The National Heritage Museum collects objects that help its staff tell America’s story, which in turn, helps our visitors understand the lives of people in the past. Sometimes we are lucky enough to receive an object with its complete history, but more often, we receive bits of information and need to fill in the blanks. This was true of the wedding dress recently featured in the exhibition “Remember Me: Highlights from the National Heritage Museum.”
A favorite with visitors, as evidenced by the number of times it was drawn or described on the comment cards in the gallery, the wedding dress came with a donation of objects from its original owner’s family. With it came a note saying that it was Bertha Hills’ wedding dress, made of “India mull” —a soft, delicate, white, imported fabric—and that it had been dry-cleaned in 1964. The note also included the prices for some of the wedding expenses, taken from Bertha’s father, Thomas Hills’, account book:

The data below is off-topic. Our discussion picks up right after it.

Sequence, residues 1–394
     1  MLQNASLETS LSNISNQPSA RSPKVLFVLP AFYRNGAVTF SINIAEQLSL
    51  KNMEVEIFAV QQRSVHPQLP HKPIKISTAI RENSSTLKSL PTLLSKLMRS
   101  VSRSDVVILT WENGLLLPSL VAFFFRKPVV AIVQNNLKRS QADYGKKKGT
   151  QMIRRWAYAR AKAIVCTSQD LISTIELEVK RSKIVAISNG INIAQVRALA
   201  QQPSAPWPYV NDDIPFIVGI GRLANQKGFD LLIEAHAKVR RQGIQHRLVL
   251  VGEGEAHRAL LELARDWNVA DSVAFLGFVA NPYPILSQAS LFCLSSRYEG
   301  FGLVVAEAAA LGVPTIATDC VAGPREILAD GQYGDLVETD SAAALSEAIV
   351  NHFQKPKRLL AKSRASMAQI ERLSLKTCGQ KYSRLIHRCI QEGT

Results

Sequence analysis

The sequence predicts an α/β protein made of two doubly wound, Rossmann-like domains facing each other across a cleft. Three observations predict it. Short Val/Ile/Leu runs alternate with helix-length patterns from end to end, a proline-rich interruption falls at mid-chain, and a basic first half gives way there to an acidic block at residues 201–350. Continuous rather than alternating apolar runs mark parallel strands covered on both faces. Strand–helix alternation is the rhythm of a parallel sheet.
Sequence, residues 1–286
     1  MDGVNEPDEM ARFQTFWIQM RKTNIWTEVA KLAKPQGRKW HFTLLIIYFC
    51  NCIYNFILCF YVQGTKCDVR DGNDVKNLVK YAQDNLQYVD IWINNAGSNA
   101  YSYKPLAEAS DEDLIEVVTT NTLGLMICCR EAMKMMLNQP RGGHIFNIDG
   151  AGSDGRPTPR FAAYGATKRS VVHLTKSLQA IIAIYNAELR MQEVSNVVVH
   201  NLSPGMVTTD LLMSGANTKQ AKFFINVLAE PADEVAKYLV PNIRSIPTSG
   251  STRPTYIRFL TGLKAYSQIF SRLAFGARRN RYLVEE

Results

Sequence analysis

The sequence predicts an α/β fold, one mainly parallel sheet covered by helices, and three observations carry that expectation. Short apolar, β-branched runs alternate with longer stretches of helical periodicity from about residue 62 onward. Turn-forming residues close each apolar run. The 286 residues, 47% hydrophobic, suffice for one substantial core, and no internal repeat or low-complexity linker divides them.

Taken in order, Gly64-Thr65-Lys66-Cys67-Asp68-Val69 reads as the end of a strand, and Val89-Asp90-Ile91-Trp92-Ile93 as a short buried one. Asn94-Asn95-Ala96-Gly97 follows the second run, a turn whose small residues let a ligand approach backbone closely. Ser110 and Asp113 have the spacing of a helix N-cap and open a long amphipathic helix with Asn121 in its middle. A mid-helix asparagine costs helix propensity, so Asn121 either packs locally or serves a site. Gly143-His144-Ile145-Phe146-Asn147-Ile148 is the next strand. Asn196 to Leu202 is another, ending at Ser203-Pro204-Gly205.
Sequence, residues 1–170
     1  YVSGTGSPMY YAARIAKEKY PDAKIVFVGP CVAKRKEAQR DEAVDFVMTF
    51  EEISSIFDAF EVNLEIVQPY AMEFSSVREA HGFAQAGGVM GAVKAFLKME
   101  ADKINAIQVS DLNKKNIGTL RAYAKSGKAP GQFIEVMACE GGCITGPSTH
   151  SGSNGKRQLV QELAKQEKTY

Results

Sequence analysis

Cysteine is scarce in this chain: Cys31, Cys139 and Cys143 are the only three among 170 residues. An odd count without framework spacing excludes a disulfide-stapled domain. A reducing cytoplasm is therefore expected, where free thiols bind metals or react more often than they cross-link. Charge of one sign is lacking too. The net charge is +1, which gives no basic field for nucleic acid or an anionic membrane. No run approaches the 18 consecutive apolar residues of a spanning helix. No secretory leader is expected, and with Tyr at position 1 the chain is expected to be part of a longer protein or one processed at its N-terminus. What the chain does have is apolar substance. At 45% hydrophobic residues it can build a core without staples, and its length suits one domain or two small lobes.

Dress maker: $92.50
Caterer—wedding supper: $110.20
Gift to groom for railroad tickets: $50.00
For bride—a trunk: $10.00
This note gave us a lot of information about Bertha’s wedding. The one thing it didn’t tell us, however, was who Bertha married. Other items in this gift offered some clues. A silk bag contained a note saying, “Ribbon- held by cousins of the bride - (Bertha Hills) to form an 'aisle' as she came down the stairs and into the parlor of her father's (Thomas Hills) home (at 157 K St) South Boston to marry Harold Hershall [?] on Sept 11 1893.”
A little research helped round out the story. The September 21, 1910, obituary for Bertha’s father stated that Mr. Hills, Boston’s City Assessor, was survived by two children, Joseph Lawrence Hills and Bertha Marshall, wife of Rev. Harold Marshall of Melrose. We now had a married name for Bertha, well as her husband’s name and occupation, and a town they likely lived in. Census records told us that Bertha Hills was born in 1868, and that Bertha and Harold had a daughter Elisabeth, born in 1901. By delving into the historic records, we could imagine the wedding and married life of Miss Bertha Hills.
Wedding Dress, 1893. National Heritage Museum, Gift of Alden M. Perkins, 77.8.22a-f. Photo by David Bohl.